The brand also sells consumer direct via its website. Although Pacenti is not pursuing sales through major internet retailers, bike shops are allowed to sell online under the brand's minimum advertised price policy.
Pacenti is known as a pioneer in the use of 650b mountain bike wheels as well as wider aluminum rims offroad. Humphreys said Pacenti's Forza carbon road wheels have been a success, as have been its P-Dent mountain bike handlebars. He said the brand will continue to develop products that are ahead of the curve.
"We are pushing harder than we have in a long time on new products. We have new aluminum rims, new disc rims and we are bringing back mountain bike rums, which have been off the market for a while. ... We want to get back to where we are setting trends and leading the industry. The market caught up with what Kirk did a few years ago so now we've got to step out front again.
More information on Pacenti Cycle Design at pacenticycledesign.com
Kirk Pacenti can be reached at firstname.lastname@example.org.
WASHINGTON (BRAIN) — Two domestic bike assemblers — Bicycle Corporation of America and Detroit Bikes — have asked the U.S. International Trade Commission look into imposing tariffs of up to 50 percent on imported bikes. The companies' Section 201 request would encourage U.S. assembly of bikes using foreign parts, they said.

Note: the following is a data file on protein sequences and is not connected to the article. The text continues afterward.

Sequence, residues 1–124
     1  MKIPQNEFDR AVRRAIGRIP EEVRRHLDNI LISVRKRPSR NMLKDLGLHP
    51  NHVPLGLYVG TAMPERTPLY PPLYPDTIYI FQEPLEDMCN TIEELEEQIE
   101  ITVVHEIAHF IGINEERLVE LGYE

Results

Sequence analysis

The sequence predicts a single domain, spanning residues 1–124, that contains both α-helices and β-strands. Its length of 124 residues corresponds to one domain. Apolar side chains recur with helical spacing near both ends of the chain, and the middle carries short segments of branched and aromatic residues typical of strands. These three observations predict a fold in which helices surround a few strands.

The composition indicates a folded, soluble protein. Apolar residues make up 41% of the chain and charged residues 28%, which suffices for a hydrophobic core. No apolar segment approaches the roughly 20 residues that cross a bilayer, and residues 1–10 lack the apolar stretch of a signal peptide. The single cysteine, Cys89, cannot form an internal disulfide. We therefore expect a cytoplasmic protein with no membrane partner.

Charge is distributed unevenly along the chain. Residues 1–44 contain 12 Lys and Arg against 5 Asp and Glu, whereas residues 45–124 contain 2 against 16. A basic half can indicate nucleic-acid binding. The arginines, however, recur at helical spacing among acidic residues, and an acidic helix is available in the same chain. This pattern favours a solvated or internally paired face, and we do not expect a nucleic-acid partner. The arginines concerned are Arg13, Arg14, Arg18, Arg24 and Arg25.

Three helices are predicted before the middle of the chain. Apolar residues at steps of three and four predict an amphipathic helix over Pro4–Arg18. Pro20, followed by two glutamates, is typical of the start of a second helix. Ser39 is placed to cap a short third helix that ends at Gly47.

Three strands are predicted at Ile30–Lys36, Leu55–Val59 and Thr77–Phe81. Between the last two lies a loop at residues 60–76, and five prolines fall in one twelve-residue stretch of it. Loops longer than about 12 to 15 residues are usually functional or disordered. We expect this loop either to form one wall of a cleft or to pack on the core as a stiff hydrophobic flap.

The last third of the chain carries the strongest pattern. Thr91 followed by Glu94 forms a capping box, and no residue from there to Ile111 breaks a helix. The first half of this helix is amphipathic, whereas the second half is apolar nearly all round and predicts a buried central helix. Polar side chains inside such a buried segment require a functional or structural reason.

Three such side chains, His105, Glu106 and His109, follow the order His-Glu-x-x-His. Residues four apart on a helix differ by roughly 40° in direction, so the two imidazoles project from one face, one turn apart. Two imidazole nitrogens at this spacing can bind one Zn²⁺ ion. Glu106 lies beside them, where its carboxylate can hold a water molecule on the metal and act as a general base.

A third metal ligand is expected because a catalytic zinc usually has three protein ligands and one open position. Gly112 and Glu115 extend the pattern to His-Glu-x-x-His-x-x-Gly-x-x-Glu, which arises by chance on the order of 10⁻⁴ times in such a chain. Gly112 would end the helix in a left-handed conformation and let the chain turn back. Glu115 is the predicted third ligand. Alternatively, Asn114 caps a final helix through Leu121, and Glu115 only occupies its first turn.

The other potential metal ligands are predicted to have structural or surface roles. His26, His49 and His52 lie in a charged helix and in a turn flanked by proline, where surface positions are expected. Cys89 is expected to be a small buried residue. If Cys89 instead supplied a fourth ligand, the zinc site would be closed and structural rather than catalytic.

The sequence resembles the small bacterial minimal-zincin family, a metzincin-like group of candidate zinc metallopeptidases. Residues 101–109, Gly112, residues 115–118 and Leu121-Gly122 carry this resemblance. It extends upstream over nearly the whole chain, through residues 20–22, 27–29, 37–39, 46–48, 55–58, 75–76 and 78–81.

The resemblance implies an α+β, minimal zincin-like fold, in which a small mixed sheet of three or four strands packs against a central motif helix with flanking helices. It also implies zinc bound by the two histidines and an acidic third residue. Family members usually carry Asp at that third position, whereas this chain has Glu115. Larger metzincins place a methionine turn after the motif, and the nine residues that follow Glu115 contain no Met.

The extra tariffs, if the ITC and the White House agrees to the request and recommendations, would be on top of existing duties on bikes. Currently most imported bikes are subject to duties of 5-11 percent, while bikes from China are subject to an additional 10 percent tariff that took effect in August and increases to 25 percent on Jan. 1. The same new tariffs apply to most Chinese bike parts.
The Section 201 duties would apply to imports from all countries, so would discourage importers from shifting bike assembly out of China to other countries to avoid the newly imposed tariffs.
"This is specifically geared toward driving new bike assembly jobs in America," Zak Pashak, the president of Detroit Bikes, told BRAIN on Monday.
The tariffs imposed in August were intended to punish China for unfair trade practices, but are not specifically intended to help U.S. businesses. In contrast, Section 201 tariffs investigations primarily look at how U.S. industries are being affected by imports, without looking at what's going on the other side of the border; they can lead to tariffs of a maximum of 50 percent as a remedy. Generally they result in tariff-rate quotas (TRQs) that are collected only after a certain volume of imports has been surpassed.
Section 201 petitions, allowed under the Trade Act of 1974, are very rare, but have been successful under the Trump Administration, said Kelsey Rule, an attorney who is representing Detroit and BCA. In the last 15 years, there have been only two Section 201 petitions, but both were made during the Trump administration and both were approved.